Well it's not like people take their Accord's to the track or something. All this outrage over switching to struts is kind of misplaced in my opinion.

If we were talking an exotic car, absolutely. But Honda's? Nobody's going to know the difference.


Too much bloat
By 91TTZ on 9/5/2012 10:55:46 AM , Rating: 2
With all the talk about fuel economy nowadays and how automakers are focusing on how to get better MPG, I'd just like to drop this here:

http://www.mpgomatic.com/2007/10/09/1982-a-banner-...

You might wonder why cars back then got such good gas mileage (the rating system was different but they still were very fuel efficient). It turns out that the average fuel economy of cars simply follows fuel prices, driven by customer demand. When gas is over $3 a gallon people want more efficient cars.

http://inflationdata.com/Inflation/images/charts/O...

Once gas got cheaper again cars became much larger, much heavier, much more powerful, and all around much more bloated.

http://www.fueleconomy.gov/feg/noframes/26683.shtm...

The accord got the same average fuel economy almost 30 years ago. I know the accord might be a bad example because it's gotten so large, but check out the Mazda 2:

http://www.fueleconomy.gov/feg/bymodel/2012_Mazda_...

Compare that to their old Mazda GLC which was basically the same thing back in 1984:

http://www.fueleconomy.gov/feg/noframes/26706.shtm...




RE: Too much bloat
By Spuke on 9/5/2012 12:36:04 PM , Rating: 2
Like you said, cars are so much heavier now due to the added safety and emissions equipment. There is a push to make them lighter (supposedly the new Golf is 220 lbs lighter) but it will come at a cost. I also see the lightning as a slow process because there WILL be more safety and emissions equipment added, not less, for the foreseeable future.


RE: Too much bloat
By Jeffk464 on 9/5/2012 7:59:19 PM , Rating: 2
Yup, I bet the current civic is probably about the same size as the early 80's accord. Seems like car size wouldn't change much, once its big enough to comfortably seat 4 full size adults/maybe 5 in a pinch why go bigger?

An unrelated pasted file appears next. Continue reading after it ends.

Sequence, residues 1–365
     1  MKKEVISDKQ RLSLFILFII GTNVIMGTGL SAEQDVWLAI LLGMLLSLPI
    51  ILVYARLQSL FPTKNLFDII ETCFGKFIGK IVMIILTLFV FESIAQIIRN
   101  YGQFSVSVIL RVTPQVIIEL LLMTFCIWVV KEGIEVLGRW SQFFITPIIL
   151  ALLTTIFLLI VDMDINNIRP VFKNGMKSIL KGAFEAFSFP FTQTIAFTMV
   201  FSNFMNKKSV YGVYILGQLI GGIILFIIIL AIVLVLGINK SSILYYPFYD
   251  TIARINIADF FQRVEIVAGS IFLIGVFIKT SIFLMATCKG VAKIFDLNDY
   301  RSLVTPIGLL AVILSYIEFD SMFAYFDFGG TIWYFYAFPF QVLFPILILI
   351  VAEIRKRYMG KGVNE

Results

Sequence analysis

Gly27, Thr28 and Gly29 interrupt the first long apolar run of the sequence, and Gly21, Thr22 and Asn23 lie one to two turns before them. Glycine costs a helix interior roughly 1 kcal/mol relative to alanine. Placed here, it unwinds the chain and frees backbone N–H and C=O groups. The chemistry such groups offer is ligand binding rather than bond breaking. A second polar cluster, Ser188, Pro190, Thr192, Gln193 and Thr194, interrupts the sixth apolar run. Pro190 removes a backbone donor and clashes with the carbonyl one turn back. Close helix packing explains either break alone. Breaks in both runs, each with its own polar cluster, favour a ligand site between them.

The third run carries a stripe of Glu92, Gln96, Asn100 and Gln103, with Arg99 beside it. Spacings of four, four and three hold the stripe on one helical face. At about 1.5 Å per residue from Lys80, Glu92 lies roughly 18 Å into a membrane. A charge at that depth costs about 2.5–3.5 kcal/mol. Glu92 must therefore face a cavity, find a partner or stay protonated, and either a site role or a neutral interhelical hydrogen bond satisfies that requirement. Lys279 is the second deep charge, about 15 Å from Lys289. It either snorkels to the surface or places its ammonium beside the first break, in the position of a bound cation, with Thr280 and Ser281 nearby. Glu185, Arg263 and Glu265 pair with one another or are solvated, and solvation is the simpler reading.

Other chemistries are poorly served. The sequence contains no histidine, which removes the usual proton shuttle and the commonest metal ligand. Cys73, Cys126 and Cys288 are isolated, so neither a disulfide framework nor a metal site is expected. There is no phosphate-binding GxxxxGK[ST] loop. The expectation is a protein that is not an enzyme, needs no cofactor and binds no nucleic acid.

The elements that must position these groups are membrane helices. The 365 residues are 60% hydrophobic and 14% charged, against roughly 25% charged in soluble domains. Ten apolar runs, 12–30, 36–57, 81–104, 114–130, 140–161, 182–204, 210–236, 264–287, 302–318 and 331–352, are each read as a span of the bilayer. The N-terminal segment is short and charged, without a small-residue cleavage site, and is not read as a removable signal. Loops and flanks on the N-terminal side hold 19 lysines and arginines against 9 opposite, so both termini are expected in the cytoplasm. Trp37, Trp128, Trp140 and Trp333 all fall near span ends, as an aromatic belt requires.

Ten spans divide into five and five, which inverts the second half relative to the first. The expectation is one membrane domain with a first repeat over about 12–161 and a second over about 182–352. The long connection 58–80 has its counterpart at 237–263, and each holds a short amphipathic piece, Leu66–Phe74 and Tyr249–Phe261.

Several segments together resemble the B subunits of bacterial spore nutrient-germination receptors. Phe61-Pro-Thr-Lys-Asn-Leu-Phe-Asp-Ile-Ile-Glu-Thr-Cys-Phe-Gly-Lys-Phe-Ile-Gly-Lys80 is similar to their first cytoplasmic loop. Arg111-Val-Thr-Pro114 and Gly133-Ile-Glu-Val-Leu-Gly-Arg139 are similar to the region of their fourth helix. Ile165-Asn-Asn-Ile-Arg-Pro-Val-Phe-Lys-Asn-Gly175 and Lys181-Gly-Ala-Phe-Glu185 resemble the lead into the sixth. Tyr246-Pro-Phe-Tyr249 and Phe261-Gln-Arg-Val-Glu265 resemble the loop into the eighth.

Welcome to 2012 Honda...
By Apone on 9/5/2012 11:51:21 AM , Rating: 2
So the 2013 Honda Accord is going to have direct-injection and an optional CVT transmission? Wow Honda, because those technologies haven't been widely-adopted within the last 7-10 years or anything...Better late than never right?...




RE: Welcome to 2012 Honda...
By Jeffk464 on 9/5/2012 8:05:46 PM , Rating: 2
Were you expecting Mr Fusion and hover mode?


RE: Welcome to 2012 Honda...
By fsd on 10/4/2012 12:11:24 AM , Rating: 2
They actually released DI engines in some Asian vehicle markets many years ago, around 7-10 years. They have videos of the engine animation too. Apparently they choose to spend time refining the DI and CVT technologies for this release. All reviews of their CVT indicate it's more impressive than others on the market.


honda
By Richard875yh5 on 9/5/2012 8:41:22 PM , Rating: 2
With a CVT it should be better gas mileage than 36 MPG. That's because with a CVT, the engine can be kept in it's sweet-spot thus giving it better gas mileage than with a conventional trans.




RE: honda
By jeffkro on 9/6/2012 1:40:24 AM , Rating: 2
Helps more with city driving than highway. Most cars are running pretty optimal running down the interstate.


RE: honda
By fsd on 10/4/2012 12:18:09 AM , Rating: 2
I'm not 100% sure, but I had thought I read they wanted the CVT to be smooth and responsive and put a little more priority on that over pure MPG. Altima gets higher MPG rating, but most comments on it's CVT are not positive.